Universerator won my prize for disruptive thinking by comparing university courses and future earnings. This kind of thing can be crudely reductive but for me it highlighted some of the cognitive dissonance in our culture – why do we value the arts so highly and yet so little?
Plc3bo was a nice piece of classic data analysis looking at NHS prescriptions. Extending this to cover generics vs. proprietary brands is exactly the kind of idea we should encourage.
The Taxpayer’s Alliance provided some datasets around council performance and Chief Exec pay scales. They would be the first to admit that the data needs work but even in its current state it is interesting.
For example, Council Chief Exec pay ranges from £120,000 to £450,000 which may well be “right”, I have only ever known one such Chief Exec and whatever we were paying them it was not enough. And it should never be about simplistic, reductive comparisons.
The question for me is that my first reaction was astonishment at the range. It is easy for astonishment to lead to a search for overly simplistic responses. Data, like everything, requires context. Perhaps we all need to be better at contextualising the data we release.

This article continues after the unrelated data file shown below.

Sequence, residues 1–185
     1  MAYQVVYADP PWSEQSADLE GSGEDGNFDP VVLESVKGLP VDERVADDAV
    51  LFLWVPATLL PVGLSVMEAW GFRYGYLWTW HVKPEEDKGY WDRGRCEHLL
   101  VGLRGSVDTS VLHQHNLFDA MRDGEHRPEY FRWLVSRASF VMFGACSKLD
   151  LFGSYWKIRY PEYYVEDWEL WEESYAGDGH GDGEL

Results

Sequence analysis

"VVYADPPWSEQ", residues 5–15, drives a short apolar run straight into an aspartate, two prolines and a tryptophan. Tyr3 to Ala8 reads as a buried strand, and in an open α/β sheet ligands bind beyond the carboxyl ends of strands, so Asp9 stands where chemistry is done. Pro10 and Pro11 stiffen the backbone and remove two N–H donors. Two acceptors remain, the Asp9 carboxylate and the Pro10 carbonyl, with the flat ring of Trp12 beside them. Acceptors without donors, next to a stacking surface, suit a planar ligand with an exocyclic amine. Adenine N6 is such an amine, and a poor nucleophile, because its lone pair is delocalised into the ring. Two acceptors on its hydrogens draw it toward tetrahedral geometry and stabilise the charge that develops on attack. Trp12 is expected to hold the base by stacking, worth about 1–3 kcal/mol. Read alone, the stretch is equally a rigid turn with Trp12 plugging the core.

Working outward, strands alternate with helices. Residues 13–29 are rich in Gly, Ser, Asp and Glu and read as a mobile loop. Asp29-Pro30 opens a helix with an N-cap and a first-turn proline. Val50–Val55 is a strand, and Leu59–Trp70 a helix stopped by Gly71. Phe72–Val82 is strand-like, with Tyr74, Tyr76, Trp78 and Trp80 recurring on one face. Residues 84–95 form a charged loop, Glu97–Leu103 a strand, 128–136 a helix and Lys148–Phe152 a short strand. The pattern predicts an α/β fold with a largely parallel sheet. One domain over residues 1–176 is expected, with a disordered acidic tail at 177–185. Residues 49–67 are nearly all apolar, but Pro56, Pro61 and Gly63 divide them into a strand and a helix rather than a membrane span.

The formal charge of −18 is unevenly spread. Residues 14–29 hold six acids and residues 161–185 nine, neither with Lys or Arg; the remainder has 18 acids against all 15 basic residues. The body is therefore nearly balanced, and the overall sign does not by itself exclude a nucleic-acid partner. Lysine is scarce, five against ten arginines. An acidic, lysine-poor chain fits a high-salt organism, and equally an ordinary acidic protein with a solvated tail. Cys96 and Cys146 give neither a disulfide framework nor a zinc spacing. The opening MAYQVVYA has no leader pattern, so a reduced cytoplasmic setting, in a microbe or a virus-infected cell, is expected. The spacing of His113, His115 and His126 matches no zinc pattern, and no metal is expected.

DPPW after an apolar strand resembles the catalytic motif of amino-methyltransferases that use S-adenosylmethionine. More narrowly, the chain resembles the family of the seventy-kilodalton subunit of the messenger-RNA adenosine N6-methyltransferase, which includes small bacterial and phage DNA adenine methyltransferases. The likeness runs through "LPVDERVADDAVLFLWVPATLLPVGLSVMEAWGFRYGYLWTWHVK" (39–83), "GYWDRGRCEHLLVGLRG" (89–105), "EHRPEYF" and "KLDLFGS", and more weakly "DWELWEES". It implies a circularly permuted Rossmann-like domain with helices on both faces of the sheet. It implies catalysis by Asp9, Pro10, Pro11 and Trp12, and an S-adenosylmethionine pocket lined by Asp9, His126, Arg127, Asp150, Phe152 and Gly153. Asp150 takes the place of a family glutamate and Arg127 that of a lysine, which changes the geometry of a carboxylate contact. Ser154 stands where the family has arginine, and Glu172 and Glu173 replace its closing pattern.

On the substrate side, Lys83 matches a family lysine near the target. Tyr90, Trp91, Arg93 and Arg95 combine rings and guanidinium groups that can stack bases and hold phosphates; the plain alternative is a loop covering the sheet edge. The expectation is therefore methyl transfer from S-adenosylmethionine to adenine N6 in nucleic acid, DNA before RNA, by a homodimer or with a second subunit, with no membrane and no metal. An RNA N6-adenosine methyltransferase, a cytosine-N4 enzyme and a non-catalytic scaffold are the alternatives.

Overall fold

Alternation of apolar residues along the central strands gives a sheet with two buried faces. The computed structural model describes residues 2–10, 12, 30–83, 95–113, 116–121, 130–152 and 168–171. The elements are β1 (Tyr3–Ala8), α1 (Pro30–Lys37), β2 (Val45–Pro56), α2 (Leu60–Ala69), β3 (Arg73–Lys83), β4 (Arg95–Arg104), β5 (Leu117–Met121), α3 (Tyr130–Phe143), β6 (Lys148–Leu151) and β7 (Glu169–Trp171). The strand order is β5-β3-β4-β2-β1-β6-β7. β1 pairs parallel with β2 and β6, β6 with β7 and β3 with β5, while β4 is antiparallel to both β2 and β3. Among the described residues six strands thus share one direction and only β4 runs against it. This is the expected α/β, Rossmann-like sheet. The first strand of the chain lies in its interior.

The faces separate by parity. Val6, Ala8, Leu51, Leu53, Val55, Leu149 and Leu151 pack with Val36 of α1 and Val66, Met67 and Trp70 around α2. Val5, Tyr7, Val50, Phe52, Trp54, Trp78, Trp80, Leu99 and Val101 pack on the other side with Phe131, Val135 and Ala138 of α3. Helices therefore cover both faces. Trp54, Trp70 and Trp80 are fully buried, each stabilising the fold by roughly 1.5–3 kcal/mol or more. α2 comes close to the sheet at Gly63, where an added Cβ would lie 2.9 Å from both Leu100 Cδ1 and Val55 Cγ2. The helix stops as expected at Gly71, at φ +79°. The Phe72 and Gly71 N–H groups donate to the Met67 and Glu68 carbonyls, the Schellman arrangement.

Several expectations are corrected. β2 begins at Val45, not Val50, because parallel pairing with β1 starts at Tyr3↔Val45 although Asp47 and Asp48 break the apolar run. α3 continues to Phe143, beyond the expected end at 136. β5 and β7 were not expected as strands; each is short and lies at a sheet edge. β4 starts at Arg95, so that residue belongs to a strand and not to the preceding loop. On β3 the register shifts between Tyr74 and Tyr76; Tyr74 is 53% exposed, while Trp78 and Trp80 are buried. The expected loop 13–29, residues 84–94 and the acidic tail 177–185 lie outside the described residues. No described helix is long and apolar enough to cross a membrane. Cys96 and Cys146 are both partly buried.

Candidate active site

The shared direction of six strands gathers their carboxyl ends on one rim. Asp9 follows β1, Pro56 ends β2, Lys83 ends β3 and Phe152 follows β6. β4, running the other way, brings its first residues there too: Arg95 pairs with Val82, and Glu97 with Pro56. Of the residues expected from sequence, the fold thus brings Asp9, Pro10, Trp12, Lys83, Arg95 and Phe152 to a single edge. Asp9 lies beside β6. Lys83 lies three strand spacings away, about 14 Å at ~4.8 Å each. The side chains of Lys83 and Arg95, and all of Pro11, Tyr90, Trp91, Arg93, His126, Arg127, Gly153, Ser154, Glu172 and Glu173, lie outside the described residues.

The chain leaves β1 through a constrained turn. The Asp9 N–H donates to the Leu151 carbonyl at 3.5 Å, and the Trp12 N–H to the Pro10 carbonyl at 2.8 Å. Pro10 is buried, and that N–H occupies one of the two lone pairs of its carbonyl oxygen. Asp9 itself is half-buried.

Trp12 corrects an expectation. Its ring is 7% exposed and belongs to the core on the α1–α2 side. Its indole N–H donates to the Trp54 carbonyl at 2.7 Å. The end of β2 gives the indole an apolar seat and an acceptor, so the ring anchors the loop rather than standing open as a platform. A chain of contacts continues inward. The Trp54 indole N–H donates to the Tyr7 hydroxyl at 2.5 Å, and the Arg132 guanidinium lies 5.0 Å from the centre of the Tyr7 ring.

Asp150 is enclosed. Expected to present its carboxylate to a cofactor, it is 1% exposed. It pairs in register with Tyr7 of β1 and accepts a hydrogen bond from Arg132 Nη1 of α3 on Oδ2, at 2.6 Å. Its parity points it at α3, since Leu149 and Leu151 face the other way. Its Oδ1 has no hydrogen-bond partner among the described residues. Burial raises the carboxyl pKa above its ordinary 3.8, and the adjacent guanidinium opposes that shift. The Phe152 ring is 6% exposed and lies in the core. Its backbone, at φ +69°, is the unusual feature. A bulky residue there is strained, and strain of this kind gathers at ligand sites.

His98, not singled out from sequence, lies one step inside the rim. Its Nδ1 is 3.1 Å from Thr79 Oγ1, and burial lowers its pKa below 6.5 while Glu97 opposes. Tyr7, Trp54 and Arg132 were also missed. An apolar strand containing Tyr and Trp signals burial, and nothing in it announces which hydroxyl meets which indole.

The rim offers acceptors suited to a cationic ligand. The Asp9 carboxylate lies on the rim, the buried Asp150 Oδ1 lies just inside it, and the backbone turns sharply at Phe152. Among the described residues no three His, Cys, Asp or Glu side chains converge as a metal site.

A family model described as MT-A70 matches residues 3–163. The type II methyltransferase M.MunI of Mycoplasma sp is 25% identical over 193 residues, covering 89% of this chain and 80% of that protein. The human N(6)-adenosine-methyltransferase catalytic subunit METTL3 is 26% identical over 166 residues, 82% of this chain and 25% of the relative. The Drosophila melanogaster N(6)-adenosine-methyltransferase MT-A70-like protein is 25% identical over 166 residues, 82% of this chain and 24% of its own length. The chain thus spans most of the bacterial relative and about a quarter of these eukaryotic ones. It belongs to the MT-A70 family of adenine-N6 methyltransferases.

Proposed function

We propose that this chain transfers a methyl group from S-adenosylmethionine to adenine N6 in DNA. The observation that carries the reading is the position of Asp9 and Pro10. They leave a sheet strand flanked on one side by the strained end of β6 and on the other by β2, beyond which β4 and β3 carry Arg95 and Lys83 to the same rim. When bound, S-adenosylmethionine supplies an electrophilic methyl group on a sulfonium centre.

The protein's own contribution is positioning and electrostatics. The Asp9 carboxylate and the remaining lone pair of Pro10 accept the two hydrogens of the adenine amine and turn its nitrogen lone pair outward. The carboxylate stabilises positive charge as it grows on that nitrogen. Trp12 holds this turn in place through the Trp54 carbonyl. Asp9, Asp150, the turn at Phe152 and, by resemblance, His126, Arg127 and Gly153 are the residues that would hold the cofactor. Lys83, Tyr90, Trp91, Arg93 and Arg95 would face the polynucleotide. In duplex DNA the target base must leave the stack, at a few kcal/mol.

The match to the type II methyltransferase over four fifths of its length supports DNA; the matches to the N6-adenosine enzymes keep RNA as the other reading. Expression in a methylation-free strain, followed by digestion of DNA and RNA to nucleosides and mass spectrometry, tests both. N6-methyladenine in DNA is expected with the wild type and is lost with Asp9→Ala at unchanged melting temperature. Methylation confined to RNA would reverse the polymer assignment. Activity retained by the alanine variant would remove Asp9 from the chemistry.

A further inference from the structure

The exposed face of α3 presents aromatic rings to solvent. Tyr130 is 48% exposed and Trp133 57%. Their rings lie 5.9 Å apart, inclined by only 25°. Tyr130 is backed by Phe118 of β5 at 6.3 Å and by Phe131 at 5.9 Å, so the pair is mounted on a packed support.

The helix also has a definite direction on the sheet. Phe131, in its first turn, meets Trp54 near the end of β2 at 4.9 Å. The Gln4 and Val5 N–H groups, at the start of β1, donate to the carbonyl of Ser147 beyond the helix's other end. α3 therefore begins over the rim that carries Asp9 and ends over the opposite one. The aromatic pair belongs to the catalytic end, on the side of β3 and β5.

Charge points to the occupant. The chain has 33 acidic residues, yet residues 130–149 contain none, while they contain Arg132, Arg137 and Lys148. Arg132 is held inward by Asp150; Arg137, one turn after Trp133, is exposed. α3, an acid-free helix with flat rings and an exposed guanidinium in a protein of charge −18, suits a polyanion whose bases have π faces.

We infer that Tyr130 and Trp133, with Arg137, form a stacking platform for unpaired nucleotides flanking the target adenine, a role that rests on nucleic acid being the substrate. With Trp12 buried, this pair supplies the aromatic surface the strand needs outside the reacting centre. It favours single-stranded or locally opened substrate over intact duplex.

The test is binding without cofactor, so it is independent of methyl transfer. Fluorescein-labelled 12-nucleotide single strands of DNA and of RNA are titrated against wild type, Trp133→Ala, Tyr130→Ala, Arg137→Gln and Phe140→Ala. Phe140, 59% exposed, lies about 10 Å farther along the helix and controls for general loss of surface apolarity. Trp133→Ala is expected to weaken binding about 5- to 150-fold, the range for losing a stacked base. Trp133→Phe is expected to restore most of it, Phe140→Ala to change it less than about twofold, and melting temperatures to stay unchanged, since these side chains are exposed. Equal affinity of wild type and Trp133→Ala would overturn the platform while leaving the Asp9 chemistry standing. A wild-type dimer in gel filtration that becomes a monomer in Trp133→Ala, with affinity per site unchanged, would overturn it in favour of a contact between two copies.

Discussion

I also awarded a feline centric prize to a hack which used cat pictures to represent data categories. Much like les quatre chats de priorité on my office wall, changing how we represent concepts visually makes a huge difference to our understanding of them.
And finally we had a couple of projects looking at the data now released on the Hillsborough tragedy. One looking at putting an open RESTful interface on the structured data, the other using cloud tools to OCR scanned PDFs to allow for free text search.
These are both potentially very powerful tools but they bring home the obligation we all have to remember the people at the heart of the data. Technology gives us a chance to create a people’s history but that can only be done with the cooperation and support of people themselves.
The teams have done an amazing job and I am going to see if there is anything I can do to help.